The following description of the work of the ministry by Joseph Buck Stratton, Sr. (found in his book Memorial of a Quarter-Century’s Pastorate), is known intimately by every faithful pastor, and should be read by every man preparing to become a pastor. For the ministry is no place for a man who desires to be lazy, as we see even in the example of the apostle Paul: “I worked harder than any of them” (I Corinthians 15:10). The rest of that verse reminds us, however, that the minister must be absolutely dependent upon God’s strength, and so ministry done in one’s own strength, or for one’s own glory, is in vain: “…though it was not I, but the grace of God that is with me.” Stratton’s words depict plainly the nature of the minister’s labors, and make us cry out, “Who is sufficient for these things?” (II Corinthians 2:16). May the Lord give us strength day by day to do His will for the good of His people.
The claims of the pulpit must ever present themselves to the young minister as most formidable in their dimensions. And they ought to do so. For an ambassador of Christ to treat his message with levity is sadly out of harmony with his demand that his hearers should hear it as though "God did beseech" them by him. These claims necessarily involve an application of mind, in the way of research and reflection, of the severest kind. And then they are incessant and inexorable in their exactions. As soon as one effort is concluded, another must be prepared for. "The inevitable hour" when the congregation must have its lecture or discourse, and must have it whether the preacher be in frame or out of frame, is always impending over him. Entertaining the views which I held of obligation on this subject, and haunted always, perhaps criminally, certainly painfully, with a feeling of self-distrust, the work of preparing for the pulpit, with me, has been an arduous one. I have been accustomed, as you are aware, in my Sabbath preaching, to make a large use of the pen. Sometimes in my earlier ministry I felt constrained to depend upon this altogether. The draft upon a clergyman's time, created by this practice, I am coming more and more to think, should be avoided by such training as may qualify him to preach without the labor of literal composition. Pursuing the plan which I have adopted, and which it is not easy now to depart from, I have written out completely at least six hundred discourses of different kinds during the twenty-five years of my pastorate in this place.
A minister, again, at a central point like this, will find his duties as a presbyter extending beyond the circle of his own charge. And as one result of this he will have a large amount of correspondence thrown upon his hands. I have found that one day in each week, and often two, were required for this species of work.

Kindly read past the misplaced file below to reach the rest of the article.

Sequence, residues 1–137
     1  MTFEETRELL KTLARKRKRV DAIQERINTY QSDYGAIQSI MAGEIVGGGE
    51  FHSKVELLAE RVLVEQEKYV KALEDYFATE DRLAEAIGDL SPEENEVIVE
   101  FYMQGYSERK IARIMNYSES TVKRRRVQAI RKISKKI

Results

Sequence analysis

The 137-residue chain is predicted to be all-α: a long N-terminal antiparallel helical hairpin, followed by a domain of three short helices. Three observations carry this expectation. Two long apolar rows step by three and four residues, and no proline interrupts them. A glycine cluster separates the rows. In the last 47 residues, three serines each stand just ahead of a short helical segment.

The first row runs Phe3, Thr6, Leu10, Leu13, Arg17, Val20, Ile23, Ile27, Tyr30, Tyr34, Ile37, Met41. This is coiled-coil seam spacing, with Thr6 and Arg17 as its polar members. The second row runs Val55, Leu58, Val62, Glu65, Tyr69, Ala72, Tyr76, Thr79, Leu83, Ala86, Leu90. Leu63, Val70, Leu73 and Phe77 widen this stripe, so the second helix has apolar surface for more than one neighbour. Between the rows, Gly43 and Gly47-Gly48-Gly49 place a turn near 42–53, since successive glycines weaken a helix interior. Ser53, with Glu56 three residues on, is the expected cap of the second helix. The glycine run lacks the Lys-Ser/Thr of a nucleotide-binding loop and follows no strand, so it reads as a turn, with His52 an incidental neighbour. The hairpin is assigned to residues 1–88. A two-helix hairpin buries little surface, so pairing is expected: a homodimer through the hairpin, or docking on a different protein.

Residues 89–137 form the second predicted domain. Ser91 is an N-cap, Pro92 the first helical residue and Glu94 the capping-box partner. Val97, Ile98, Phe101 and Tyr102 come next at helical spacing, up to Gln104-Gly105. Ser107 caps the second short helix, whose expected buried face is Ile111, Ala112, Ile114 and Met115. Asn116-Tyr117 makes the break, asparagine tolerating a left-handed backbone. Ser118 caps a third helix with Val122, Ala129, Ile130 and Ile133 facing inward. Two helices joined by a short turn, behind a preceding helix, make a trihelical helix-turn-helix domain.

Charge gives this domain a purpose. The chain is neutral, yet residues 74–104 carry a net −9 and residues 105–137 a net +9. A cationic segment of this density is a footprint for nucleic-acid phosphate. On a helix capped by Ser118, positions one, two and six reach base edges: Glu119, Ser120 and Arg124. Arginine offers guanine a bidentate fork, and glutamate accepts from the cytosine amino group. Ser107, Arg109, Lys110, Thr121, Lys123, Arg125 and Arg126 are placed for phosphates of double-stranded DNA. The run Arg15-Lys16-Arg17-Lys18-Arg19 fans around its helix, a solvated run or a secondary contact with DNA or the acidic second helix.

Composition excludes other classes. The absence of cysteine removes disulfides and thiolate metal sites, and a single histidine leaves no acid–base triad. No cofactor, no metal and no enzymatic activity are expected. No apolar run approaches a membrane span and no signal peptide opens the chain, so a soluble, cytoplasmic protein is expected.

Then the maintaining of an intercourse with the individuals and families of his flock, is a part of his duty which allows a pastor no rest. Although he may know that his rule here, as in all things, is " to study to show himself approved unto God," he knows, too, that his people expect him to show himself approved unto them. He may know, as is the case in a charge as extensive as this, that it is impossible to satisfy the wishes of his people without sacrificing every other department of his work; but the reflection that he is not satisfying them will be in his mind like a goad, driving him forward, and yet always tormenting him with the consciousness of falling behind the required measure of performance.
Then the casual services which are demanded of him in connection with the wants, the troubles, and the afflictions of the community in which he ministers — services which are indefinitely various, which may spring upon him at the most inopportune moment, and which are sometimes inconsiderately imposed — constitute a tax upon time, upon thought, and often upon feeling, of the most exhaustive nature.
Then the teacher who is constantly teaching, must seek to be constantly taught. He must keep himself informed, that he may inform others. He needs the opportunity and the freedom of mind required for study; not merely such as shall furnish him for an exercise, but such as shall make him generally intelligent.
And then, lastly, he has the same infirmities, the same inaptitudes and indispositions, clogging his movements, which other men feel, and under which they usually indulge themselves with a cessation from labor; and he has the same kind and the same measure of household responsibilities claiming his attention and burdening his mind, which other men, encompassed with domestic ties, have.